CHAUDHRI: Employers boost remote productivity but warn working from home won’t last forever

Sunira Chaudhri is an employment and labour lawyer and partner at Levitt LLP. She sheds light on some questions for employees during COVID-19.

Supplied photo / Levitt LLP

Tech giants like Facebook, Google and Amazon were early leaders on facilitating remote work for their employees en masse in the first days of the pandemic.

In fact, Google claims to have led the charge by sending Asian employees home to work virtually in February of this year followed by European and American employees in March.

Alphabet CFO Ruth Porat confirmed in an interview this week that Google saw a drop in employee productivity in the early days of COVID. But through the use of coaching and surveys, Porat says Google is seeing pre-COVID employee productivity even though employees are working remotely.

Employee productivity was especially important for the company now that some Google platforms have seen upwards of 30 times the norm and are fully supported by a remote workforce.

A key to Google’s response to COVID was a strong governance structure and focusing on making the “least worse choice” for its workforce. Despite promising vaccine news, Google made the notable decision to extend its voluntary work-from-home regime until June 2021. Porat says employees cannot get cadence with an incremental approach. A longer program gives employees structure to find rhythm in their work.

To support employees, Google made the decision to “overcommunicate” and updated its FAQs section round the clock. Porat said employees felt the company was there and cared with the frequent updates.

While Google seems to have embraced the work-from-home culture, it was not shy about tracking employee productivity and hacking dropping employee performance quickly. In her interview, Porat was quite firm that Google thrives on innovation, and that innovation comes from employee collaboration across teams. This requires employees returning to the workplace. She also expects many employees to be back at work well before the voluntary work-from-home program ends next year. Google is preparing a “hybrid” workplace after receiving survey feedback from employees that many want to return to work but perhaps not daily.

The fact is, the longer employees are entitled to work from home, the greater the likelihood that the foundation of their employment agreements will fundamentally change. No longer will employers reasonably be able to demand a complete return to work with no “hybrid” flexibility. This is the case whether COVID continues to be a limiting factor or not. Hybrid workplaces are the future, including flexible work arrangements, virtual check-ins and productivity tracking, office hoteling systems and more. If you haven’t already, plan for your future workplace now.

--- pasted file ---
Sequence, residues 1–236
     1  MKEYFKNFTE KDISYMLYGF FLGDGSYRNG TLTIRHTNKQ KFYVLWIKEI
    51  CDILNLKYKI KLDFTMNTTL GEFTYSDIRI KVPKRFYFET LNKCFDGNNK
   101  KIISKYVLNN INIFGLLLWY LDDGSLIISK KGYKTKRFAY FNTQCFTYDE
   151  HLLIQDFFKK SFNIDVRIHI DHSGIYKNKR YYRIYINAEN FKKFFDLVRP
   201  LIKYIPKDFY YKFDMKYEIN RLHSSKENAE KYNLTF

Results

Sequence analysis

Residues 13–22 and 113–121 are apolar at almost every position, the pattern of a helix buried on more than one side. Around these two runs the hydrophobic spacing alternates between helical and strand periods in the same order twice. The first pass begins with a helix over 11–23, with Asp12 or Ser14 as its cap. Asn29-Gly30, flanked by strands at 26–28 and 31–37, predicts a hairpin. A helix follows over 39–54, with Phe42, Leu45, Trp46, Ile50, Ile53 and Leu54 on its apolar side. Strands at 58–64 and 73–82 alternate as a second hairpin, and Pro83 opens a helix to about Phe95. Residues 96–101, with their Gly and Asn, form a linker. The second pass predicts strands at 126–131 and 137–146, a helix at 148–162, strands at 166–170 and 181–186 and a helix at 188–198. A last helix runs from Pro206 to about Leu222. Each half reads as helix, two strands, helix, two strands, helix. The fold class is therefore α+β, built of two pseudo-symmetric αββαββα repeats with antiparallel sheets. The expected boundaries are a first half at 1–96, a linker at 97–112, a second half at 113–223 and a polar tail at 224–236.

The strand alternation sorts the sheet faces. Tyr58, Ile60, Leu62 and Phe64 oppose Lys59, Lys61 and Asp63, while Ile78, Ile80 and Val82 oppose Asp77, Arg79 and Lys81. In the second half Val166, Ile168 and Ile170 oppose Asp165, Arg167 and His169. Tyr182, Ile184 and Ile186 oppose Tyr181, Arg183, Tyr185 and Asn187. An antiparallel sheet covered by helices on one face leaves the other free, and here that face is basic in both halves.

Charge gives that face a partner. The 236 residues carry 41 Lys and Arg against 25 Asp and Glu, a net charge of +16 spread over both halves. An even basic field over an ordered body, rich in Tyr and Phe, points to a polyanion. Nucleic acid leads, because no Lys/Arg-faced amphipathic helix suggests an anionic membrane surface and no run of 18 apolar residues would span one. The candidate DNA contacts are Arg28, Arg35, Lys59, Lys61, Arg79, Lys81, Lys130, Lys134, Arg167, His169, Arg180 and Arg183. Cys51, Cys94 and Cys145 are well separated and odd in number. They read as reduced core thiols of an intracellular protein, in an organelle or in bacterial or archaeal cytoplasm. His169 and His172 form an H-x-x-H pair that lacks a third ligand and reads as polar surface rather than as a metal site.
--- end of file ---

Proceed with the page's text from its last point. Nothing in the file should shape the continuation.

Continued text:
On to your questions from this week:

Q. (Regarding your article last week on the MP hiring her sister) I can agree, but since nepotism is rampant in the real world, is her hiring her sister a real sin? … she broke the rules, she should pay, but the crime is not even close to the crimes being committed daily …

A. Nepotism may be the norm in some companies; of course, some organizations pride themselves on being family-run and family-owned. MP Ratansi, however, ignored a clear an unequivocal rule that governs her appointment. Allegedly she deliberately concealed her conduct, which suggests, at least to some, she knew she was breaking the rules and did it anyway. She is a leader, not a rank-and-file employee and must walk the walk. So far, no discipline has been imposed, she has not yet “paid” for her misconduct as you suggest and that is the most unfortunate part of this story.

Q. Thanks for reading my question. My workplace is very lax about who is allowed in and out of the working area. Customers come in and even some employee family members come to visit without a heads up to the rest of us. I believe none of them are screened with respect to whether or not they have any COVID symptoms. I know a co-worker made a complaint to the Ministry of Labour about the safety of this place. Do I have to go to work while we await the investigation? It is not fair that I need to put myself at risk with elderly family at home.

A. There is no current mandate to allow employees to stay at home pending a Ministry of Labour investigation. In fact, the vast majority of labour investigations in this province since COVID began have resulted in no sanctions to employers and workplaces were deemed safe; so don’t hold your breath. That said, your concerns are legitimate and should be raised, in writing to your employer. This gives your employer the opportunity to investigate internally and right the ship.

Email me your COVID-19 workplace questions at and your question may be featured in a future column.

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